There were days Malcolm Moore wondered if he'd ever play basketball again. There were months he was dependent, 24/7, on others to get through a day.

Now, here he is, the X-factor in the NCAA Tournament for UW-Milwaukee.

"It's been up to the top of the mountain and back to the bottom for me," said Moore, dripping sweat after practice Tuesday. "This made everything better. I've been dreaming about this moment."

His isn't the name typically attached to the rise of the Panthers this season.

But if UWM (21-13) is going to be the seventh 15th seed to upset a No. 2, it'll need to do it the Malcolm Moore way. With heart, with hustle, with a sharpened elbow. The 6-foot-7, 230-pounder is a presence off the bench. The Panthers cannot accept Villanova's invitation to a track meet. One team has thoroughbreds that'll score 90 points. One, UWM, has brute force in the paint.

That's where Moore comes in. He brings the toughness the Panthers need Thursday night at the First Niagara Center in downtown Buffalo.

"They're just like anybody else," Moore said of the Wildcats (28-4). "We can play with anybody. We have a lot of options. We have a lot of strengths. It all comes down to defensively, we have to play hard like we have been."

The frustration began at the University of Texas at El Paso with a move he's done "a million times." After a stint in junior college, Moore was starting to get minutes at UTEP. Then came this practice right before Christmas break in 2011. Moore drove baseline and jumped to fire the ball out to a teammate at the top of the key.

When he landed — on "this leg," he says, tapping his right knee — "everything just shattered."

"I tore every ligament in my knee," he said. "Total reconstruction."

The ACL, the MCL, the PCL. Anything with a "CL," he tore it.

For the ensuing six or seven months, Moore said, he had to learn how to use his leg again. He couldn't even shower by himself. Worst of all, for the first time of his life, Moore couldn't play basketball.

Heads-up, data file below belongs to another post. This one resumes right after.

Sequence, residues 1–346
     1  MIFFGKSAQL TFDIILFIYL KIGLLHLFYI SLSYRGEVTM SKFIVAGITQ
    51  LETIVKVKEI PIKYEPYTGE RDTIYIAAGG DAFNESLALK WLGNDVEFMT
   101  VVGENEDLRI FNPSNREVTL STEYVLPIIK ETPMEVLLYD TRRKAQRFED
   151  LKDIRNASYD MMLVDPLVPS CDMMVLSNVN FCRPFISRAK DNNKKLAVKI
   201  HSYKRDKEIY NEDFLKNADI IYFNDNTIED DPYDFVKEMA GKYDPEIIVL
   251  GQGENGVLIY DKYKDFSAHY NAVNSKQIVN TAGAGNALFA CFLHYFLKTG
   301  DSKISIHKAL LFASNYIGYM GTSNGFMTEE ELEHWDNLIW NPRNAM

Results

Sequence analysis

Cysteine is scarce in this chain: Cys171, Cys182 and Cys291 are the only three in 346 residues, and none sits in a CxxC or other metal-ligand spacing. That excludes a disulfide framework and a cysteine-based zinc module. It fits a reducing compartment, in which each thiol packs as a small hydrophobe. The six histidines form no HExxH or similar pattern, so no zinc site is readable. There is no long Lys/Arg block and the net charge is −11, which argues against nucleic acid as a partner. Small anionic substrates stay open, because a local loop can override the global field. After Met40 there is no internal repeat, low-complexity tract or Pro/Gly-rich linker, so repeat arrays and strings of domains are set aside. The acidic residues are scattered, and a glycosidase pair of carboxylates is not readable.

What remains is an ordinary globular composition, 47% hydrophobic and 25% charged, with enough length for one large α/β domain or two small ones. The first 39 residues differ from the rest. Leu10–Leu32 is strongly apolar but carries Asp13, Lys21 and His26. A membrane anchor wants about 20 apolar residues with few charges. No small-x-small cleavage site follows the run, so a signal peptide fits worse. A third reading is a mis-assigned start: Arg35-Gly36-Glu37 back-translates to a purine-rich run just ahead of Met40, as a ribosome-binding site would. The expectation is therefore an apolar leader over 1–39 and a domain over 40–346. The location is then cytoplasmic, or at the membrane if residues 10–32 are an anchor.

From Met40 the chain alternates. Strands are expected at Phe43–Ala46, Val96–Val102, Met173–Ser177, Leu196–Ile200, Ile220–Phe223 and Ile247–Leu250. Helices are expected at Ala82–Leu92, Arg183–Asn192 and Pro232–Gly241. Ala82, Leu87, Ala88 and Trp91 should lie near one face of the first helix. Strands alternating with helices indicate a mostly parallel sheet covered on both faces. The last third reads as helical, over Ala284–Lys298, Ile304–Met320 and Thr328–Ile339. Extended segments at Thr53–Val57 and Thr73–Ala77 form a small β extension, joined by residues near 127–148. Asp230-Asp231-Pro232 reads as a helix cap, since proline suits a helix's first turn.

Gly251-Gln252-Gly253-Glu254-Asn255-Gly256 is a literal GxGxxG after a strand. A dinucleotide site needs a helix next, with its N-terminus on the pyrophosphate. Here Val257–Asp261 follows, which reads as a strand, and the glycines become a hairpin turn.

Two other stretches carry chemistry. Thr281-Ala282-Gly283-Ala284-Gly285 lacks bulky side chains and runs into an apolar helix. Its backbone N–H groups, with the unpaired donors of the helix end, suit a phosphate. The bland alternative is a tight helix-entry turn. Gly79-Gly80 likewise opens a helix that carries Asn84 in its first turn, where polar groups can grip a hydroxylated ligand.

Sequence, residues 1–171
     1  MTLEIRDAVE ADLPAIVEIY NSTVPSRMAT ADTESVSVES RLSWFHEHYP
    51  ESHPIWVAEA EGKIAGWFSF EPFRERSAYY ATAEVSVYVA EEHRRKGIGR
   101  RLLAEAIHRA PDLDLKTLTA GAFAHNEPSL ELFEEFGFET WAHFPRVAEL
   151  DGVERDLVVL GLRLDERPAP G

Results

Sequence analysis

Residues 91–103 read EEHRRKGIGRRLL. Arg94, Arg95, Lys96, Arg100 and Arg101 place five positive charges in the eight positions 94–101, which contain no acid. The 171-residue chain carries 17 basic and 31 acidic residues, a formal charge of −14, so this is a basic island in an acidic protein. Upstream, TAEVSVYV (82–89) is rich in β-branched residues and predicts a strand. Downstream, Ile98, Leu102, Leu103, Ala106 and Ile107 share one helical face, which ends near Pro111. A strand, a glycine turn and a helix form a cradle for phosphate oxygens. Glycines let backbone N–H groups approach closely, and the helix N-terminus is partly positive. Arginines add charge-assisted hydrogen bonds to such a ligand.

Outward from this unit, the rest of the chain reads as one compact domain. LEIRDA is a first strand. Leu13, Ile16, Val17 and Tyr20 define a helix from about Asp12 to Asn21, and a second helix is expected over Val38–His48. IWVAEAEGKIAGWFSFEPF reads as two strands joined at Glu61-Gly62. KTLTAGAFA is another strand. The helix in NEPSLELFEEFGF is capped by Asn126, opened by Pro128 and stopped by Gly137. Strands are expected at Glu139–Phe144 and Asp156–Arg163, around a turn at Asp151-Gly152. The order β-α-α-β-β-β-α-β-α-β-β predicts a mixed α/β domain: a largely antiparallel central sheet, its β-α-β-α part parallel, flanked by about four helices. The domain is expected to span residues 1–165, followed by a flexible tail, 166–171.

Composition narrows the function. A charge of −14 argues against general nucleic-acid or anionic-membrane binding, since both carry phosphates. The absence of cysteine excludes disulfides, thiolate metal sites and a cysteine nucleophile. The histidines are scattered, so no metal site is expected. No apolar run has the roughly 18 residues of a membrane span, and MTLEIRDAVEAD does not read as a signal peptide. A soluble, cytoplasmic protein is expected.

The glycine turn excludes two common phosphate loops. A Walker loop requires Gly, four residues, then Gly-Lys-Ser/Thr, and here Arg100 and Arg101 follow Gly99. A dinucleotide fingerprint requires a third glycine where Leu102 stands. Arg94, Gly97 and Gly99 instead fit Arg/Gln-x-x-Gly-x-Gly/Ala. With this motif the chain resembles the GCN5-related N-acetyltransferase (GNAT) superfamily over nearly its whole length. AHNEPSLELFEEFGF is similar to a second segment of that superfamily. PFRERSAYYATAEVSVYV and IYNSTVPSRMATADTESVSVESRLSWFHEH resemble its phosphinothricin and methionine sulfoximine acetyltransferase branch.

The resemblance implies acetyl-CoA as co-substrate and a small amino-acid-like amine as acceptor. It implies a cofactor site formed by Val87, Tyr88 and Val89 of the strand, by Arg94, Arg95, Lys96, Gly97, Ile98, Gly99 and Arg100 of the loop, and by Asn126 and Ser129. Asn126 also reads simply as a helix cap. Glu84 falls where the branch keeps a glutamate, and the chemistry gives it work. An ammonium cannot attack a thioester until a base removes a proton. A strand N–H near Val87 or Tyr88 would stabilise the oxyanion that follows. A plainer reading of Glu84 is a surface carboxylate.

"It hurts everywhere," Moore said. "It's hard to sleep. Your leg is always in pain. It was a hard time for me."

One of the UTEP managers took up residence underneath Moore's lofted bed and helped with everything.

Moore played 14 uneventful games during the 2012-'13 season. He eventually headed north to UWM as a fifth-year transfer for a chance to salvage this once-promising basketball career.

But not before tearing the MCL in his right knee while working out with his brother.

More disappointment, more pain.

It has taken a while, but Moore gradually has become the player he always envisioned. In the Panthers' Horizon League championship win over Wright State, the tenacious forward had seven points and eight boards. He's averaging 18.2 minutes in UWM's last 10 games.

"I've felt good the past couple months," Moore said, "since the conference came around I've been feeling a lot better. But I feel like I have a long way to go. I'm not done yet."

UWM coach Rob Jeter calls Moore the most underrated player on the team.

He knows the Panthers need his grit against the running, gunning Wildcats. To win, UWM needs punch first.

"You have to block a few, deflect a few and then you have to throw one of your own," Jeter said. "They're going to come out swinging, too. You can't get staggered early."